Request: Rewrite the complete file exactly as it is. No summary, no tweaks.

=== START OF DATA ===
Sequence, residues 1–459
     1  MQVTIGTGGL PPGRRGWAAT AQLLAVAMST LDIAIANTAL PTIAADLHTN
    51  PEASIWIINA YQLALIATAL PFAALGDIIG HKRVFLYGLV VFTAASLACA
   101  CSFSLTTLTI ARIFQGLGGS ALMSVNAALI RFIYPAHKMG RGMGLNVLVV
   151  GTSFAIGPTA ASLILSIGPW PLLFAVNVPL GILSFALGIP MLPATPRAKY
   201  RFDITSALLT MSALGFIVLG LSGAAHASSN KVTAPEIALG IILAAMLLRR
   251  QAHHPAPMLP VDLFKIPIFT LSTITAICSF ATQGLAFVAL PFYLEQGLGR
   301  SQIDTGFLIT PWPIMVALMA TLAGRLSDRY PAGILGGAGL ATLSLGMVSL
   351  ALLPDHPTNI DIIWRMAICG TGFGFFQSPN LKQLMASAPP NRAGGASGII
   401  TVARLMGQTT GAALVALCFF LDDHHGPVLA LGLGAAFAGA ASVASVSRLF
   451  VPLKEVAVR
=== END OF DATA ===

Sequence, residues 1–459
     1  MQVTIGTGGL PPGRRGWAAT AQLLAVAMST LDIAIANTAL PTIAADLHTN
    51  PEASIWIINA YQLALIATAL PFAALGDIIG HKRVFLYGLV VFTAASLACA
   101  CSFSLTTLTI ARIFQGLGGS ALMSVNAALI RFIYPAHKMG RGMGLNVLVV
   151  GTSFAIGPTA ASLILSIGPW PLLFAVNVPL GILSFALGIP MLPATPRAKY
   201  RFDITSALLT MSALGFIVLG LSGAAHASSN KVTAPEIALG IILAAMLLRR
   251  QAHHPAPMLP VDLFKIPIFT LSTITAICSF ATQGLAFVAL PFYLEQGLGR
   301  SQIDTGFLIT PWPIMVALMA TLAGRLSDRY PAGILGGAGL ATLSLGMVSL
   351  ALLPDHPTNI DIIWRMAICG TGFGFFQSPN LKQLMASAPP NRAGGASGII
   401  TVARLMGQTT GAALVALCFF LDDHHGPVLA LGLGAAFAGA ASVASVSRLF
   451  VPLKEVAVR